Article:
Bjorn Lomborg Declares “False Alarm” on Climate Hysteria

A little bit of heresy for the day.

This week, a conversation with Bjorn Lomborg, a visiting fellow at the Hoover Institution, the president of the Copenhagen Consensus Center, and one of the foremost climate experts in the world today. His new book, False Alarm: How Climate Change Panic Costs Us Trillions, Hurts the Poor, and Fails to Fix the Planet, is an argument for treating climate as a serious problem but not an extinction-level event requiring such severe and drastic steps as rewiring a large part of the culture and the economy. Bjorn responds directly to some of the most vociferous climate policy critics, including Greta Thunberg, author David Wallace-Wells (The Uninhabitable Earth: Life after Warming), and proponents of the Green New Deal. We also discuss some promising emerging technologies and why worst-case scenarios are often just that—scenarios that are used to motivate the public into action but are not in fact likely to occur. It’s a sobering and even-handed discussion on climate that does not include apocalyptic endings for the planet.

Categories: Environment

3 replies »

  1. At least 3 (partial?) solutions I’ve seen:

    Add soluble iron to areas of the ocean that are ordinarily barren, due to lack of iron, so that they will allow growth and thus absorb CO2.

    Add about 1 million tons of SO2 to the stratosphere, at about 50,000 feet AGL (above ground level) to shield from the sun’s energy. MIT proposal from about 2013. (reduce ground emissions of SO2 to compensate.)

    Finely grind rock (basalt) and spread it on farm fields to absorb 2-10 billion tons of CO2 per year. Proposal from about 2 weeks ago.

    Generally, people who think “global warming” is a problem, don’t want there to be any sort of solution.

    I’m not fully convinced there is a problem, but I believe we should plan for having a solution.

    • I don’t have a background in the physical sciences so I can’t really formulate an informed opinion on these questions. But the problem I have with the ACC thesis is the way it has become an apocalyptic religion, complete with child oracles like this little Greta girl. It also seems like the perfect tool for statist expansionism, and I’ve also noticed a Big Green industry has developed that hopes to profit from this by shifting corporate welfare away from the fossil fuels industry toward “green energy,” a new form of state/corporate/crony capitalism. A lot of the ideology around it seems almost like a pantheistic religion as well, i.e. nature worship as an end unto itself. Like other religions, it has its extremist/terrorist wing as well.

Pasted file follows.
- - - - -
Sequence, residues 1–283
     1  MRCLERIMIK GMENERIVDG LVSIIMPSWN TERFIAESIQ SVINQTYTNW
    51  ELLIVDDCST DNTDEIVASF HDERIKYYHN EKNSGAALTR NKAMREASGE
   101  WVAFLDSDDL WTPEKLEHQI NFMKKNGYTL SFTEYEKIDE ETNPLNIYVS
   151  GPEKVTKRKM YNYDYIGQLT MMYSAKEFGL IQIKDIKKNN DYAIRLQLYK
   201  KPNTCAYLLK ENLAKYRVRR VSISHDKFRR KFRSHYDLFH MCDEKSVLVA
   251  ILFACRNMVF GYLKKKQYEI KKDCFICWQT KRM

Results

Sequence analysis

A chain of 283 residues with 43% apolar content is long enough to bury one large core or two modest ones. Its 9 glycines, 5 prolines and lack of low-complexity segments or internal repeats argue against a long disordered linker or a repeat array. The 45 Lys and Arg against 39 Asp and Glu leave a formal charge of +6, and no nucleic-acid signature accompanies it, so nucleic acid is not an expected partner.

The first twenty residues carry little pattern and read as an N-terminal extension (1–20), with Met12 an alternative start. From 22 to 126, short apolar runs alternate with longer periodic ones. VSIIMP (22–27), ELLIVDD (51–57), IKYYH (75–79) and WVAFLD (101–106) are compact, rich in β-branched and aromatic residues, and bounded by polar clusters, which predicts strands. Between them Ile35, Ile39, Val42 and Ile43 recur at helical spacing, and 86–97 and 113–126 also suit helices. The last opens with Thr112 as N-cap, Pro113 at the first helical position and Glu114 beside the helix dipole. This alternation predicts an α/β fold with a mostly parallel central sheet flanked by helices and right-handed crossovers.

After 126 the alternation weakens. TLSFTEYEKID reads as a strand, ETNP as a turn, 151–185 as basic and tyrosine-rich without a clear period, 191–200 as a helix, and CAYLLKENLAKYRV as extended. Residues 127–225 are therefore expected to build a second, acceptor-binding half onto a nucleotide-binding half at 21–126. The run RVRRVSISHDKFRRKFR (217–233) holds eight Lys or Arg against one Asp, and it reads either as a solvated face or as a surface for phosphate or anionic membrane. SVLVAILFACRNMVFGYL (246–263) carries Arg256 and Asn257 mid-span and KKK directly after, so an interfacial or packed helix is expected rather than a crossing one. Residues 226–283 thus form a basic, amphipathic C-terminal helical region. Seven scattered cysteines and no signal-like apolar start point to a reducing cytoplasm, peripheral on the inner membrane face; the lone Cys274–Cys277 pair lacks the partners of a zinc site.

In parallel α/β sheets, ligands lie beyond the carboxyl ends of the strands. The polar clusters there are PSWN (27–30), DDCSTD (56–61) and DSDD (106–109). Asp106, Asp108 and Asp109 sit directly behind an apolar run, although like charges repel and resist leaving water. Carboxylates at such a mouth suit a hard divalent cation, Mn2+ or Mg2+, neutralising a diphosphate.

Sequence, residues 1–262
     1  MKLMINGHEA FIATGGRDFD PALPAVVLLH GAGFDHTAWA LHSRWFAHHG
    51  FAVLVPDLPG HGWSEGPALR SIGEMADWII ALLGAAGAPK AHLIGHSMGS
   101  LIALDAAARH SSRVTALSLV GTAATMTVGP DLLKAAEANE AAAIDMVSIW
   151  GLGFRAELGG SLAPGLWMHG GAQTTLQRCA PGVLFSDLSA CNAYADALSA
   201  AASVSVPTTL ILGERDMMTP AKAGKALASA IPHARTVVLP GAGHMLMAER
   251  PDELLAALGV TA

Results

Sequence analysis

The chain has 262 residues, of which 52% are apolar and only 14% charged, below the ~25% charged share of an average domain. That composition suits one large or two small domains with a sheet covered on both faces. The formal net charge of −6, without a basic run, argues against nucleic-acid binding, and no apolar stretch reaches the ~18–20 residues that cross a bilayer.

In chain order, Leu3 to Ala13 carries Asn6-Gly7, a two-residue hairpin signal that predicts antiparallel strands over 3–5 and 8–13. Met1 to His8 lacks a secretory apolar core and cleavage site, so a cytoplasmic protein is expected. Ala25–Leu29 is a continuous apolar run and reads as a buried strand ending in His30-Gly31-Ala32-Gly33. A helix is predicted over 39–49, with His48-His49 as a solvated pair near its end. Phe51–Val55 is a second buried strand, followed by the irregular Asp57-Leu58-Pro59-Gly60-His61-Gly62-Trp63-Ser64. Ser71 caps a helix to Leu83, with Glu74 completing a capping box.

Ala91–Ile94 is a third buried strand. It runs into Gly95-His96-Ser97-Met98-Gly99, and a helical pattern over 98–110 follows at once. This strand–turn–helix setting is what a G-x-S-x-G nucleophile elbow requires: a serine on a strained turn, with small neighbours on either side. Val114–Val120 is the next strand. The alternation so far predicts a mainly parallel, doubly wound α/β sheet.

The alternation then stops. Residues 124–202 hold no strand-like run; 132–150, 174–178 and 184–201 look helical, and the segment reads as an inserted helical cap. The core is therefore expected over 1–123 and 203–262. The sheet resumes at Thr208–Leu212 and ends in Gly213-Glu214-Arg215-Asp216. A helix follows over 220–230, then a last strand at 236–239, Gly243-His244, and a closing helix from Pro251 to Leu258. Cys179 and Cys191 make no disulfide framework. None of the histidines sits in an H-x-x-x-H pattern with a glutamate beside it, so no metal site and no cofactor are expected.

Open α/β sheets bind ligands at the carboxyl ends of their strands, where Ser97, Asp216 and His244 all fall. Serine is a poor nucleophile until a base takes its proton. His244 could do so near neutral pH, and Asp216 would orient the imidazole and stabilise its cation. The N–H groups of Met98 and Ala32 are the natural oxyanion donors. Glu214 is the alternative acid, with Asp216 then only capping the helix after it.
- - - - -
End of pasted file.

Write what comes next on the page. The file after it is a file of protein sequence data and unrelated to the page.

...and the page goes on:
Of course, everything I just said could be true, and ACC could still be a very serious problem. I am in favor of trying to reduce the consumption of fossil fuels regardless of the ACC issue. Industrial pollution has caused a worldwide increase in respiratory diseases like asthma, and other health difficulties, in addition to the aesthetic issues involved like smog. One of the few good things about the pandemic is that is has reduced the amount of air pollution. It seems the most viable approach would be an increase in the use of nuclear power combined with an increase in the use of renewables, although I don’t think it will be possible to completely eliminate fossil fuels, at least not for the foreseeable future. Geothermal seems to be the most promising form of renewable. And the abolition of industrial civilization would result in mass starvation and death from diseases.

    • There is a book titled “Kiss the Ground” which argues that simply switching a large part (but not all) of croplands to no-till regenerative farming, which does not lower yields significantly but also increases nutrition hugely, we can reverse the CO2 trend through sequestration.

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